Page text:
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Degrassi Junior High: Season 2
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Go to school with the show in a class by itself-and get real! Hailed as "groundbreaking," "powerful," and "totally authentic," Degrassi Junior High confronts it all-friendship, puberty, rumors, sports, studies, and more-with a refreshing ensemble cast and a unique teens-eye-view of life. Sometimes moving, sometimes shocking, but always believable, Degrassi Junior High is a classic for teens of all ages. All your favorite characters and storylines are waiting-find your seat-schools open!
Includes all thirteen episodes of Degrassi Junior High from Season 2: Eggbert; A Helping Hand; Great Expectations; Dinner and a Show; Stagefright; Fight!; Bottled Up; Sealed with a Kiss; Dog Days; Censored; Trust Me; . . . He's Back; and Pass Tense
Year 2 of the youth-oriented series from the 1980s, popular in Canada and on American public television, remains uncompromising in its portrait of middle school-age kids as kids: complicated and unformed, a little vague about values and ethics, often powerless to affect their destinies or achieve what they believe to be right. Set in Toronto, the show follows the dilemmas of several students at Degrassi, though season 2 spends less time with the younger set than in the series' debut year. Perhaps that's because there are some truly serious matters for the program's 8th graders (mostly the same kids carrying over from season 1) to confront, including issues of teen pregnancy, alcoholism at home, inappropriate teacher behavior, censorship, sexism, and much more.
The most pronounced storyline in season 2 is the pregnancy of Christine "Spike" Nelson (Amanda Stepto), a situation her peers seem to handle well but not so Degrassi's PTA or the local school board. These agitated adults want to pull Spike from school and force her into some kind of shame-based program for unwed mothers. Spike's friends stand up for her, including the earnest Caitlin (Stacie Mistysyn), whose editorial in support of Spike is rejected by the school paper's faculty advisor and ends up on a flyer passed around campus. (For her trouble, Caitlin receives detention and a lecture from Spike, who doesn't want to be a cause du jour.) Meanwhile, the father of Spike's baby, Shane (Bill Parrott), wants to help but is hindered by his parents, who want to sweep the whole matter under a rug. Apart from Spike's woes, season 2 finds a provocative recurring story in the arrival of a substitute teacher at Degrassi, a handsome fellow with a subtle tendency to touch female students in flirtatious ways, peer down blouses, etc. After Lucy (Anais Granofsky) is duped by his attentions, she makes a point of educating other girls about him. Sexual issues are also in the forefront of a confrontation between Joey (Pat Mastroianni) and Degrassi activist L.D. (Amanda Cook), the latter objecting to the presence of pin-up photos of near-naked women inside Joey's locker. L.D. retaliates with pin-ups of hunky guys in her own locker, embarrassing Joey and landing both of them in hot water with the principal. As with season 1, this suite of episodes really grows on a viewer and becomes irresistible family television. And, hey: what about those '80s hairdos.... Wow. --Tom Keogh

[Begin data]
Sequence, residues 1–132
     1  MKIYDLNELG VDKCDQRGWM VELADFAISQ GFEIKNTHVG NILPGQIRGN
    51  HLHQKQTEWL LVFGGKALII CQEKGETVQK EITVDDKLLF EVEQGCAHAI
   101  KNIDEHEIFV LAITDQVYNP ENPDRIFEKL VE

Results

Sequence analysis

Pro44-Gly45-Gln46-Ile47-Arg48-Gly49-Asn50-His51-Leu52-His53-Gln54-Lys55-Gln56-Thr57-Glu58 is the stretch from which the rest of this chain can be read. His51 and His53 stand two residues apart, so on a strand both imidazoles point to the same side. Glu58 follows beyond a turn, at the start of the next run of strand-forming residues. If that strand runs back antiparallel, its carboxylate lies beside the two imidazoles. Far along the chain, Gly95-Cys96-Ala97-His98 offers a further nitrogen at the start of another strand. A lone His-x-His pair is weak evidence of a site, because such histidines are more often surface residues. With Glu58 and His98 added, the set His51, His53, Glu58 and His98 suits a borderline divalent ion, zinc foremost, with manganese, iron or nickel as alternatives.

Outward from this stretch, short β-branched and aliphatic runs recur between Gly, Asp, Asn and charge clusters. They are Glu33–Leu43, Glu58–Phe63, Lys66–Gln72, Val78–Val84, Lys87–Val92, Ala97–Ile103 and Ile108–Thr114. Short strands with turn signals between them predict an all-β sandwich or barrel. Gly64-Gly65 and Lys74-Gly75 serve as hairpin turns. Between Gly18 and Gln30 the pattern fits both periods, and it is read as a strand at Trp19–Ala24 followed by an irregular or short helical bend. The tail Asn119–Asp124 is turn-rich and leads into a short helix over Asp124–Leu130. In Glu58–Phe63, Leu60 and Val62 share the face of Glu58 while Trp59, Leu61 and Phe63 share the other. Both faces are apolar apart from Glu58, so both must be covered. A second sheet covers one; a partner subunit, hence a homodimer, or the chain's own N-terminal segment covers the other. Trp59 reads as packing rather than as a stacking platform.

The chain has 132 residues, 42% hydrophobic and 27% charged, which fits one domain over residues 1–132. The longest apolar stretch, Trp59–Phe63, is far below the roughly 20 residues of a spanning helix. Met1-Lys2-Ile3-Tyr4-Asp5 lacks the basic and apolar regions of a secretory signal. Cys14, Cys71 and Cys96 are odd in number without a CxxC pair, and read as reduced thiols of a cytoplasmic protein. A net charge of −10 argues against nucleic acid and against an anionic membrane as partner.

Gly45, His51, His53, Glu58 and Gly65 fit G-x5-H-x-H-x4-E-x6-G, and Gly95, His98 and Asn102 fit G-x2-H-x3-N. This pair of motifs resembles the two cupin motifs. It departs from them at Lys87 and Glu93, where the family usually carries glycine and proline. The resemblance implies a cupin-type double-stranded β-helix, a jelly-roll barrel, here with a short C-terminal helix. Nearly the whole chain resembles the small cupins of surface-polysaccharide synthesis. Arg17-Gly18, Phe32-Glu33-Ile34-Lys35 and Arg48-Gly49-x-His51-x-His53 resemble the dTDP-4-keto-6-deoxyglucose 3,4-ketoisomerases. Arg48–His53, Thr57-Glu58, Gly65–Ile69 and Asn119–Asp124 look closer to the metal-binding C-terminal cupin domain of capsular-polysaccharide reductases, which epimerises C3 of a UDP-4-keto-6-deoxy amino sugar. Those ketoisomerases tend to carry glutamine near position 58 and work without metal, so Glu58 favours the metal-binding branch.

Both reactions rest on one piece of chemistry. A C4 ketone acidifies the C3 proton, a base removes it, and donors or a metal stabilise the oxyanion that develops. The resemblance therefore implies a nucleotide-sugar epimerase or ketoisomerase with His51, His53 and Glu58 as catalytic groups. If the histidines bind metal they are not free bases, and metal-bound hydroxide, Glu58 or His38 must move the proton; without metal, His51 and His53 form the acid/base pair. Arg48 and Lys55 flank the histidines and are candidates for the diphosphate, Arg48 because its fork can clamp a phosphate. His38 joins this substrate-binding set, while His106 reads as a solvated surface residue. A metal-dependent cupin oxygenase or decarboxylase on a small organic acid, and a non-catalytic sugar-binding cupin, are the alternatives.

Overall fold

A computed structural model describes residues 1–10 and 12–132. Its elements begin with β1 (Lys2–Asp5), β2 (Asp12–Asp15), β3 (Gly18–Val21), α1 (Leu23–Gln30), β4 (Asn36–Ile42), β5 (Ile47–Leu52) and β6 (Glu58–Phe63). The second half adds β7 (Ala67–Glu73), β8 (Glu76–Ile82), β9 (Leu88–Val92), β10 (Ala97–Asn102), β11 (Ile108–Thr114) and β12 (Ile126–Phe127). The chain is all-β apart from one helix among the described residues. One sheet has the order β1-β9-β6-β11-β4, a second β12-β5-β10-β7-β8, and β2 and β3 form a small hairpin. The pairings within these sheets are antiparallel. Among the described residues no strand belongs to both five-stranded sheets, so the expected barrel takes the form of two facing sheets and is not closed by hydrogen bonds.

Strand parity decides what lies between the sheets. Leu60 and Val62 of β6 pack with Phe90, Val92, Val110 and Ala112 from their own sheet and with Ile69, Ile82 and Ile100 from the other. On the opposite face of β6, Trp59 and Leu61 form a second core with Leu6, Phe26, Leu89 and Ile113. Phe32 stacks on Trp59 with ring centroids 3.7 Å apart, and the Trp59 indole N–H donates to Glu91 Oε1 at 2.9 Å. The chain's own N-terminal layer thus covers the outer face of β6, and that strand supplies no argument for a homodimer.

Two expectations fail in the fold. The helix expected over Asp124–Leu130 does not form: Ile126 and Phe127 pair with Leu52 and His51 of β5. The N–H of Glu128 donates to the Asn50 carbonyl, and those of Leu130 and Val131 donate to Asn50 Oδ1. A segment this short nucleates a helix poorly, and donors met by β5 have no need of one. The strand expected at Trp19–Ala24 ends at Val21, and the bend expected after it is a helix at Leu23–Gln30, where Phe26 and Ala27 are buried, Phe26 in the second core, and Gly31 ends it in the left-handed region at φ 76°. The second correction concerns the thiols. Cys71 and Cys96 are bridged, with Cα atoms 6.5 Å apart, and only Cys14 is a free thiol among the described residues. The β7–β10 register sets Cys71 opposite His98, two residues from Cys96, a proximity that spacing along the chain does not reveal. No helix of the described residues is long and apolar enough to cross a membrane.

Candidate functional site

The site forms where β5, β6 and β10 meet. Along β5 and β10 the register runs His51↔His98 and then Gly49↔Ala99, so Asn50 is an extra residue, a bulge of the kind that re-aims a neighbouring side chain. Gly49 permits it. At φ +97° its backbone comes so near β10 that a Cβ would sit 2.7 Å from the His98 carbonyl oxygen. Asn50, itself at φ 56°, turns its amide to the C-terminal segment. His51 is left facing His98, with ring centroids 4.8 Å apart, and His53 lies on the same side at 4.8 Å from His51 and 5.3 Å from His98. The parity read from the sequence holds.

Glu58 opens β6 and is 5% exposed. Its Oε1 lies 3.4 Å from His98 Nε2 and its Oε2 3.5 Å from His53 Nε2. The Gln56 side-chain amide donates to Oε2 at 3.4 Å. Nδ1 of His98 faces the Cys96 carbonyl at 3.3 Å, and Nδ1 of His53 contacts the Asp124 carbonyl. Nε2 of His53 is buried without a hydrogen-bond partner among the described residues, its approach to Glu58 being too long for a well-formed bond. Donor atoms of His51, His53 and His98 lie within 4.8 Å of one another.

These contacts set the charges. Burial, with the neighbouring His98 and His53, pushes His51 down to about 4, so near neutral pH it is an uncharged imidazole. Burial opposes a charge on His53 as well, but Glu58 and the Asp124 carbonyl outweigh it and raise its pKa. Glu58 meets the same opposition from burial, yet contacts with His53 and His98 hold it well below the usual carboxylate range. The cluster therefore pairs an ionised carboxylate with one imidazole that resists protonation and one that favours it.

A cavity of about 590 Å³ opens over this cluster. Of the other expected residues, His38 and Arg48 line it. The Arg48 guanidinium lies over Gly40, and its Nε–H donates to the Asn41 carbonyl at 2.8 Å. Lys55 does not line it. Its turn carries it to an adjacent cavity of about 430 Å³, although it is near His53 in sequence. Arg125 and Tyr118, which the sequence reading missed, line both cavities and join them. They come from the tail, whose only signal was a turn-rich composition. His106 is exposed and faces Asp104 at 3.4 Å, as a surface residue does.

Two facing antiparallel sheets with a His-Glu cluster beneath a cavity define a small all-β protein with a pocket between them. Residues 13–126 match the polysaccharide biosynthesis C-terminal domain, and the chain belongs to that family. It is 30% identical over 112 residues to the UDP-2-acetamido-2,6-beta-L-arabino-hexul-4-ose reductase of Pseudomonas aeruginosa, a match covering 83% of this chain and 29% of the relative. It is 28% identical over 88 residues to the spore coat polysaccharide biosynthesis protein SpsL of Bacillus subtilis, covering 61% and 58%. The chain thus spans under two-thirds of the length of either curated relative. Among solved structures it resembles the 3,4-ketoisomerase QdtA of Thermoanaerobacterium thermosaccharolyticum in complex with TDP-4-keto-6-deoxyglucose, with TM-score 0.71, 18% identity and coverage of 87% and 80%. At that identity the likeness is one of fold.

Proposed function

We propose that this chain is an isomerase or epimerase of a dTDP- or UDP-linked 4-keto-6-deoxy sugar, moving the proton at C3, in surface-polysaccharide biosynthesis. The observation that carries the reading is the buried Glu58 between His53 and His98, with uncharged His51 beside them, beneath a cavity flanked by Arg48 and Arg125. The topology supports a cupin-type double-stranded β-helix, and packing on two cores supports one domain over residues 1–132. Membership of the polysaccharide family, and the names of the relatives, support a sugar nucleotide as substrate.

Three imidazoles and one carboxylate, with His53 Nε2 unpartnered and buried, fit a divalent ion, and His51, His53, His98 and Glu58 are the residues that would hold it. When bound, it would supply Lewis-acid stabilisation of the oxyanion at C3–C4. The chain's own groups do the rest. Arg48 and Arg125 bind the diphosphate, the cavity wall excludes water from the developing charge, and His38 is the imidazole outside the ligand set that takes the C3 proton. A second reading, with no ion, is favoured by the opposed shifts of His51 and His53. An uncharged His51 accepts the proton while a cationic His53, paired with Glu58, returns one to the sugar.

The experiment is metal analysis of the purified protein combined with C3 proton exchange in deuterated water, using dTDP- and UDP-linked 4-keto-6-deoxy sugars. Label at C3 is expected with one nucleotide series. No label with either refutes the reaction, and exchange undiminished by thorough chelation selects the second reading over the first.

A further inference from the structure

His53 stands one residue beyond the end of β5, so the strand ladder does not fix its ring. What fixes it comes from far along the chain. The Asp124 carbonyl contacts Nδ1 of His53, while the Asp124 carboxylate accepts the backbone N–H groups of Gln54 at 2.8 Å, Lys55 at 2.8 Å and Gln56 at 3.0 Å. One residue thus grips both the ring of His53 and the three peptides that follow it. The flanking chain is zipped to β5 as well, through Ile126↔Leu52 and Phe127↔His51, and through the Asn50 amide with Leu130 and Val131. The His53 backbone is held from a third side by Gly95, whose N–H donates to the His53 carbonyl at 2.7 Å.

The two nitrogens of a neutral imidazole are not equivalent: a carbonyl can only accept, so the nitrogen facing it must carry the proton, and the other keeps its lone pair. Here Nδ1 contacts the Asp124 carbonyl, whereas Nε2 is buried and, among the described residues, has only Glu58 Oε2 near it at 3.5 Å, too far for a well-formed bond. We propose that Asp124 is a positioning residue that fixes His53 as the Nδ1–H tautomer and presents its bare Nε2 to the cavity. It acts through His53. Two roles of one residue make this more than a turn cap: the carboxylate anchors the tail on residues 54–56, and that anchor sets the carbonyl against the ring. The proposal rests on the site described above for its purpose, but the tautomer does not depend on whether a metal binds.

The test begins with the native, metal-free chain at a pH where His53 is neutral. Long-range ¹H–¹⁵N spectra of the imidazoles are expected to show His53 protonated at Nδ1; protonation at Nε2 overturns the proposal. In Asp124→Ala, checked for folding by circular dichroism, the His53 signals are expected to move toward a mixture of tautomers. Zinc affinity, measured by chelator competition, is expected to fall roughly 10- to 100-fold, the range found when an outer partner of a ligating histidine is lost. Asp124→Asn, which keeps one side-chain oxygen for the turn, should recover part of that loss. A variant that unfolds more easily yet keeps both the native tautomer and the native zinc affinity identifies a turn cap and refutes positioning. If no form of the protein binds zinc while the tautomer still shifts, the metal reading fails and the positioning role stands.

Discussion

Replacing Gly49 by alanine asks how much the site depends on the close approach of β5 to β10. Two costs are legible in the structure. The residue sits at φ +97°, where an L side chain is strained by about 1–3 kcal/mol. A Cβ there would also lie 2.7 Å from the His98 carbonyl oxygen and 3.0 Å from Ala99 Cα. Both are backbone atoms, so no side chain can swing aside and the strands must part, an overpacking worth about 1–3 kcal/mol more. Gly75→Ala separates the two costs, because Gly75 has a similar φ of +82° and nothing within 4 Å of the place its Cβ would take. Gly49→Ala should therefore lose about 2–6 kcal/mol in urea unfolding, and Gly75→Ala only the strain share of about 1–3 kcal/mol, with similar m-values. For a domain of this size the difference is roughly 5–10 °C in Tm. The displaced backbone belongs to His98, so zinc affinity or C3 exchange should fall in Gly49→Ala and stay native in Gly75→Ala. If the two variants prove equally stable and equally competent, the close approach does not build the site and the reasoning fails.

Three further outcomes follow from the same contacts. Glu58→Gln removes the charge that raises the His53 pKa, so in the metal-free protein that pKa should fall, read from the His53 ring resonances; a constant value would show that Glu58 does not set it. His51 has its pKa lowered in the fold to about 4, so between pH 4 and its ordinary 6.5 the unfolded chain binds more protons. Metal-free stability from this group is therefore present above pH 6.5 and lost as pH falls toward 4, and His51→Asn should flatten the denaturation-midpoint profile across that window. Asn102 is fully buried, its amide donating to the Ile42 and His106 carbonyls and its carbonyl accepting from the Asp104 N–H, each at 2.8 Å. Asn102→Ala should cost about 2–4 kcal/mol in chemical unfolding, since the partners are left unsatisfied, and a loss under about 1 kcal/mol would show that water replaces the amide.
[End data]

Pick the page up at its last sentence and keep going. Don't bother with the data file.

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Other tough subjects are also tackled here: Kathleen, who is the typical straight-laced high achiever hides the secret that her mother is an alcoholic; seventh-grader Arthur worries he is a sex pervert when he keeps having recurrent wet dreams; Caitlin finds it a struggle to hide her epilepsy from her friends; and, in one of the most disturbing episodes, lonely and neglected Lucy, whose parents are too busy to be real parents, finds herself the victim of a predatory monster. This episode enabled my daughter and I to have a frank and meaningful discussion about how to handle such situations and what should be done should something like this crop up. As difficult as it was to watch this episode and talk about it later, it proved to be very rewarding. This is what I love about this show: it enables honest and meaningful conversations to be had around what can prove to be extremely unpalatable topics. Highly recommended.
Recommended to pre-teen, teen, and post-teen viewers, especially those of today. Young at heart? They can watch and learn too. A lot of adults forget they were kids themselves.
Far beyond anything Glee, The Secret Life of the American Teenager, Switched at Birth, or other patronizing convenience-driven shows of the past ten or so years can dish up.
Top international reviews
Great acting and excellent storylines ,a must for any collection...